Every year, there are multiple warnings about beef products contaminated by E. coli. There were two recalls of Romaine lettuce for similar reasons in 2018. Listeria bacteria showed up in spinach recently. Salmonella has infected peanut and almond butters.
Part of this is better monitoring. We see more contamination because we’re getting better at detecting and diagnosing it. We’re far removed from the lax days Upton Sinclair memorialized in his journalistic novel The Jungle, which exposed unsanitary conditions in a Chicago meat-packing plant. Government agencies like the Centers for Disease Control and Prevention (CDC) and the United States Department of Agriculture (USDA) help regulate hygienic standards for food products.
But we’re also seeing the darker side of of industrialized foodways. The drive for productivity and profitability sometimes trumps food safety. Bacterial outbreaks are one symptom of this problem.
It’s important to know the usual suspects for contamination, how they infect our food, and what to look out for. Here you’ll find the most dangerous common contaminants in our crops and meat.
- E. coli:
E. coli outbreaks have become common in both meat and produce. Originating in animal intestines, most species of this notorious bacteria are relatively harmless. But some groups, like the O157 strain, can cause serious discomfort, damage, and even death.
This microbe usually moves from animal intestines to human innards by moving from feces into meat or from manure onto plants or into water sources. Better monitoring of water sources, adherence to sanitary standards in meat storage and processing, and less dependence on irrigation could help minimize exposure to this dangerous contaminant.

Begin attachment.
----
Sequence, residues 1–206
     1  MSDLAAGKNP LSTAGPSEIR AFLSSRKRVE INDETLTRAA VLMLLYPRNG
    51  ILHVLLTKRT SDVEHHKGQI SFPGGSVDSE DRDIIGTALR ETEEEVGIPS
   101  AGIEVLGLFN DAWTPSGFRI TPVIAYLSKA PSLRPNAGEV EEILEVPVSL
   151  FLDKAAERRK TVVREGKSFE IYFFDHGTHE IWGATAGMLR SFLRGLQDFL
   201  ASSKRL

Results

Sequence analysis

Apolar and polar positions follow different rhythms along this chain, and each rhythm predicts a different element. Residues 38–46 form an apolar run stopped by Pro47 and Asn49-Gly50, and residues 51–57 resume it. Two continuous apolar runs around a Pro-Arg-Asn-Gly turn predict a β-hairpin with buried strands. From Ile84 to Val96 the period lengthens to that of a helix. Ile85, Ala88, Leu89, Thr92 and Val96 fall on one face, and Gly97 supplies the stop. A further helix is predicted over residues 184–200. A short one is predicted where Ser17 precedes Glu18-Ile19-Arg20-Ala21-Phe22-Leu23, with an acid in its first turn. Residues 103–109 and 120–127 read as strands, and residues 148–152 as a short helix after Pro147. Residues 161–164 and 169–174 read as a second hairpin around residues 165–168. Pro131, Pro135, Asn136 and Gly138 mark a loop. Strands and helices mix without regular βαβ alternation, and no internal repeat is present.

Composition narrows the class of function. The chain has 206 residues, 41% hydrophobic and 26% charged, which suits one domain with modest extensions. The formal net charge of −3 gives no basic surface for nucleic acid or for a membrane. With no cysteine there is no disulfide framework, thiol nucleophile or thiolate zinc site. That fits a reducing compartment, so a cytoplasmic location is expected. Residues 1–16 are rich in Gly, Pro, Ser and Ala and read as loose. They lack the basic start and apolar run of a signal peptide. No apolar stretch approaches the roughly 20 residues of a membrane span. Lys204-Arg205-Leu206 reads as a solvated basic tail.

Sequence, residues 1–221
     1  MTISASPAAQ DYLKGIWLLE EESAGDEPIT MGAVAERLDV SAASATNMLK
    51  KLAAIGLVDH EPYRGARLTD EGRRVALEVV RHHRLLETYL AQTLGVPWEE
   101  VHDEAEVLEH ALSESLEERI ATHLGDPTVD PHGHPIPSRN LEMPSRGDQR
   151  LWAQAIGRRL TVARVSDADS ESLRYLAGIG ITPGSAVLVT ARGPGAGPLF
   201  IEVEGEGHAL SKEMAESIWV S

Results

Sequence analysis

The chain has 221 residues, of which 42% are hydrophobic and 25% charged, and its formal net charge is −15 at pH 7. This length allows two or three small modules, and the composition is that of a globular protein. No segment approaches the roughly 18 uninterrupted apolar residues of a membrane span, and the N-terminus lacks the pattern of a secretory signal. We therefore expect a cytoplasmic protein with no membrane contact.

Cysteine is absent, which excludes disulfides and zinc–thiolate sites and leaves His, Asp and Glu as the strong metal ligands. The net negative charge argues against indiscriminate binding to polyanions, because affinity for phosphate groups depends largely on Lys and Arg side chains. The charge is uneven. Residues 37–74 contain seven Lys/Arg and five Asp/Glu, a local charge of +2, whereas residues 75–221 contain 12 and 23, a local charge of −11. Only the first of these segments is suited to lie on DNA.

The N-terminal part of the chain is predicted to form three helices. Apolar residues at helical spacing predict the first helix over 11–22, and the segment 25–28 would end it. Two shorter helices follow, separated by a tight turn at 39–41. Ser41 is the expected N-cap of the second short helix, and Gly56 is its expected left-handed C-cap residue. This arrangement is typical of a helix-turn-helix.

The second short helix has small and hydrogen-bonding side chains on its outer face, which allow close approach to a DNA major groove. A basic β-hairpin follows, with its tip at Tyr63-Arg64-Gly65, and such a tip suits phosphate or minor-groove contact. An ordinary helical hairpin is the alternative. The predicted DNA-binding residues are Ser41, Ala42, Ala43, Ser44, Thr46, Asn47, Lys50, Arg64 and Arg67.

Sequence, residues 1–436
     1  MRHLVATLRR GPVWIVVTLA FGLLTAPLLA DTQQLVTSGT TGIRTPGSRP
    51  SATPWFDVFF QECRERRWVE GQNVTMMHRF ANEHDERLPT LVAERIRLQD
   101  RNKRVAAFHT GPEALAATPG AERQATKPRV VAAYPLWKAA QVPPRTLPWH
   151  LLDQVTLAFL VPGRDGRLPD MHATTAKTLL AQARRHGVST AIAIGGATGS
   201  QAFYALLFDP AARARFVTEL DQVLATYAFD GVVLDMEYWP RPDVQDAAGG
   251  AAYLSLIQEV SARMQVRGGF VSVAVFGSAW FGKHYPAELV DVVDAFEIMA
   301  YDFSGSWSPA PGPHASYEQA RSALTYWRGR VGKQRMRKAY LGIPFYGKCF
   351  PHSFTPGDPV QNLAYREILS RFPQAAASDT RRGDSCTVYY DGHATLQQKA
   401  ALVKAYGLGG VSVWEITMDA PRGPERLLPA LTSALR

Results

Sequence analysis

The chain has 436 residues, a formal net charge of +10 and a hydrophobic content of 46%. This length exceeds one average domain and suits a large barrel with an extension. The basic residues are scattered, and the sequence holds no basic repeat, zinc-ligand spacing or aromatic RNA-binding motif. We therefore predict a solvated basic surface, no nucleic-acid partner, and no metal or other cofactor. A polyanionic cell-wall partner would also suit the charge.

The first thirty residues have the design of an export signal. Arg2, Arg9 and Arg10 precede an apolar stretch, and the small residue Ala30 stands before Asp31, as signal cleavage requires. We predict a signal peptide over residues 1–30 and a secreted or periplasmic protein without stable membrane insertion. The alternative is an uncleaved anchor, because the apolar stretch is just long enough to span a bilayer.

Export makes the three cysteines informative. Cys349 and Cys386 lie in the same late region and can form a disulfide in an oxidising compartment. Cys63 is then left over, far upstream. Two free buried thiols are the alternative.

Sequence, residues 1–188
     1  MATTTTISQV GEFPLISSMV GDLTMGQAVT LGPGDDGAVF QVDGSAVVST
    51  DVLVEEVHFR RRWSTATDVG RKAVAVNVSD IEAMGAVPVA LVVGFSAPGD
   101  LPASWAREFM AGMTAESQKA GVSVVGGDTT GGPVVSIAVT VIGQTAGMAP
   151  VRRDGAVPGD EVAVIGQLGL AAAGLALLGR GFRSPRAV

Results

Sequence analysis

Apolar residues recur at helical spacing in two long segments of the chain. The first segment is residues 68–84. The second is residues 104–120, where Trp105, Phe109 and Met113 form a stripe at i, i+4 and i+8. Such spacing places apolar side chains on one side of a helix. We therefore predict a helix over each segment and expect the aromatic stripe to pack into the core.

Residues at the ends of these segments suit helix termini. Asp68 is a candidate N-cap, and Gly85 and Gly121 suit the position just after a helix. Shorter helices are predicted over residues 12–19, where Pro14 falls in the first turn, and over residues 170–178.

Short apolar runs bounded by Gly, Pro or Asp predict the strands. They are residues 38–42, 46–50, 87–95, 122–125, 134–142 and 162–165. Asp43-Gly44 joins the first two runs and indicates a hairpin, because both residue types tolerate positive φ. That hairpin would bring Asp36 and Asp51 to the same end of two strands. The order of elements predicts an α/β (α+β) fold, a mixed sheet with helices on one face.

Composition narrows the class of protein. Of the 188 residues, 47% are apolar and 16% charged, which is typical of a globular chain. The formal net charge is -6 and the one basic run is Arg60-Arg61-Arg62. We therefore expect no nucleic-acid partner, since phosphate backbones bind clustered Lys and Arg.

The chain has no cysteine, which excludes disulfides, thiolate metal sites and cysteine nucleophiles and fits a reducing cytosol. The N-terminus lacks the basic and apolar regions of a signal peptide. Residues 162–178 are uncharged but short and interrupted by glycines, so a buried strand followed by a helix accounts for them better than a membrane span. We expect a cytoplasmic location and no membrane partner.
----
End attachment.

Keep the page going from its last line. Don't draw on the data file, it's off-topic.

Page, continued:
Salmonella is the most frequent source of food contamination. Ingestion results in nausea, diarrhea, and vomiting. Although the disease is not usually life-threatening, excess loss of fluids without electrolyte replacement can trigger dehydration and put patients in critical condition.
Its ubiquity comes from its presence in many farm animals and pets, from pigs and chickens to turtles, cats, and dogs. The sheer number of potential vectors for transmission as well as the bacillus’s resilience make it a formidable infectant. Concerns about some strains of salmonella evolving resistance to antibiotics is a source of growing concern.
Only vigilance and thoroughness in decontamination at every stage of contact with animals and meat products can protect us from salmonella.
In 2011, cantaloupes tainted with a deadly strain of listeria struck, infecting 147 people in 28 states. Of those who contracted the bacteria, 33 died.
Listeria is one of the rarest but most lethal bacterial strains that infects our food. Although it’s pervasive in our environment and can survive even under inhospitable conditions for long periods of time, it rarely infects. When it does, it typically afflicts vulnerable populations like children and pregnant women. With a mortality rate of almost one in five, listeriosis is a serious threat when contracted.
Controlling listeria is difficult. Infected animals may be asymptomatic, making it hard to diagnose. It can survive in extreme conditions of hot and cold, in acidic and alkaline environments, and it defies all but the most thorough decontamination protocols. In some meat-packing plants, it has been known to survive as long as ten years in dormancy. Only extremely thorough sanitary measures at every step in the food production process and cooking foods to temperature can ward off listeria.